World-wide hate crimes and acts of terror are increasing the need to relocate people to safer locations. Along the way, one word seems to guide the conversation – fear. While uncertainty is no doubt a major cause of fear, Christians should have nothing to fear.
In fact, Christians should be embracing immigration and welcoming refugees. Here are seven thoughts to consider:
1. Refugees are seeking help.
Just like Joseph’s family fled to Egypt for famine relief (Genesis 46-47), and Jesus’ family searched for refuge in Egypt (Matthew 2:13-15), many are looking for help in our world today. Their beliefs and values don’t always line up with ours, but their need for safety is more than real.
2. God hasn’t given us a spirit of fear.
We’re called to spread the truth and grace of the gospel without fear. We should be unashamed of God’s grace, and pursue love and self-discipline (2 Tim 1:7). If we have the opportunity to love others, we should do so.
3. It’s not about us – we’re called to selflessness.
We can quickly play the “national security” card, but if we were honest with ourselves, we would know we need to put the needs of others before ourselves.
“In humility count others more significant than yourselves. Let each of you look not only to [your] own interests, but also to the interest of others…Jesus, who though he was in the form of God, did not count equality with God…but made himself nothing…he humbled himself by becoming obedient to the point of death, even death on a cross.” (Philippians 2:3-8, ESV)
Jesus humbly gave his life for others; we should humbly invite hurting people to safe sanctuary.
4. We need to love others, even when it hurts.
It doesn’t matter who it is or what background they may come from, a person in need is a person in need. Jesus said the two greatest commandments include “Love the Lord your God with all your heart, soul, and mind, and love your neighbor as yourself.” When asked, “Who is my neighbor?” He used a parable to describe a man who loved and helped another man in need despite his differences. (Luke 10:25-37)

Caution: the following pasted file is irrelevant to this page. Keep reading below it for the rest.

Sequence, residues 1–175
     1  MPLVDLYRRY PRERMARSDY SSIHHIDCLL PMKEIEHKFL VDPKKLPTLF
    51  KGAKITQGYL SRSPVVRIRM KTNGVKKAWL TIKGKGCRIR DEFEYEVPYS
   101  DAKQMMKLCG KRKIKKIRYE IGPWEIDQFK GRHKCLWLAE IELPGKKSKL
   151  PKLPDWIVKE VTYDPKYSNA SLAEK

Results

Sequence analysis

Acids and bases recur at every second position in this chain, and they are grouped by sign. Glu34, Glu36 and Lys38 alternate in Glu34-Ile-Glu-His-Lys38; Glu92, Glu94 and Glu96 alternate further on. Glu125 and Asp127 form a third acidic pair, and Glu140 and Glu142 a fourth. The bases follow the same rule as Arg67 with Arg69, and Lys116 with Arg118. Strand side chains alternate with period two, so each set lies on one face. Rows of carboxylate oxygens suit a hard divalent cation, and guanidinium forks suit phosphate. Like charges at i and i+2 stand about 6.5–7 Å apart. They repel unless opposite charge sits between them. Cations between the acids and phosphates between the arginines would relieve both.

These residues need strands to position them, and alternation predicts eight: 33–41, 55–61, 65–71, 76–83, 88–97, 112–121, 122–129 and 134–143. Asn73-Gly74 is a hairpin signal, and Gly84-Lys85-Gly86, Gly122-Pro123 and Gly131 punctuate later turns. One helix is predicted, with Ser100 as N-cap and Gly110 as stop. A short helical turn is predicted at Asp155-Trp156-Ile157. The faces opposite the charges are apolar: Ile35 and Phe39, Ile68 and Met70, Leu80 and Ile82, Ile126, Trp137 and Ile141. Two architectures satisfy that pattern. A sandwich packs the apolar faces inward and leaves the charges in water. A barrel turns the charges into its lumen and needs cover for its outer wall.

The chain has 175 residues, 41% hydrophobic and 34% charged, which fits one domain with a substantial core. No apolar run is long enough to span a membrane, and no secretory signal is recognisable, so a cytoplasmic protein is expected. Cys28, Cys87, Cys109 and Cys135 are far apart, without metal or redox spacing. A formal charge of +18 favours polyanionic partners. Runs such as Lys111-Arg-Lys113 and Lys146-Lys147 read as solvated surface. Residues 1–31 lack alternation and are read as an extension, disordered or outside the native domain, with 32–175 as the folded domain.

5. We’re called to welcome “strangers”.
From the Old Testament to the New, the call to love “strangers” and “sojourners” has never ceased. God reminded the Israelites to love strangers because they were once strangers in Egypt themselves (Deuteronomy 10:19).
Paul describes a true Christian as someone who seeks to show hospitality, lives in harmony, and even loves their enemies to the extent of meeting their needs (Romans 12:9-21). The reach of hospitality should be fully extended.
The Hebrew writer even reminds us that, in our hospitality of strangers, some have actually entertained angels (Hebrews 13:2). In our fear, have we ever pushed away God’s messengers?
6. We were all once “aliens”.
From a theological perspective, all Christians were once “separated from Christ, alienated from the commonwealth of Israel and strangers to the covenants of promise, having no hope and without God” (Ephesians 2:12).
Through Christ, however, we are one body. It really doesn’t matter what the religious intentions of refugees may be – God loved us before we loved Him. God provided a way for us to become united when we were all strangers to the Kingdom. Why should we fear those seeking peace?
7. We’re called to show God’s accepting love.
James wrote, “Faith by itself, if it does not have [good] works, is dead” (James 2:17). We can believe in God, belong to the Kingdom, and be a “Christian,” but if we do not physically meet the needs of those around us, “what good is that” (2:16)?
I know we have to be responsible and ensure we are actually meeting legitimate needs in the world, but any true follower of Christ should fearlessly pursue the act of welcoming and helping refugees as the need arises.
This is not to say that the less fortunate in our own hometowns should be ignored. Jesus is calling us to “make friends” with our “worldly wealth” (Luke 16). That means to consistently help those with less to the point of unity – bringing people out of poverty, helping those in the community, and pointing people to the truth of eternity.
Viewing the immigration of refugees selflessly, and not selfishly, is part of the very essence of the Kingdom! I pray we can release our selfish conservative nature and engage in true ministry.
How do you view the immigration of refugees? Is there a difference between government policy and Christian responsibility?
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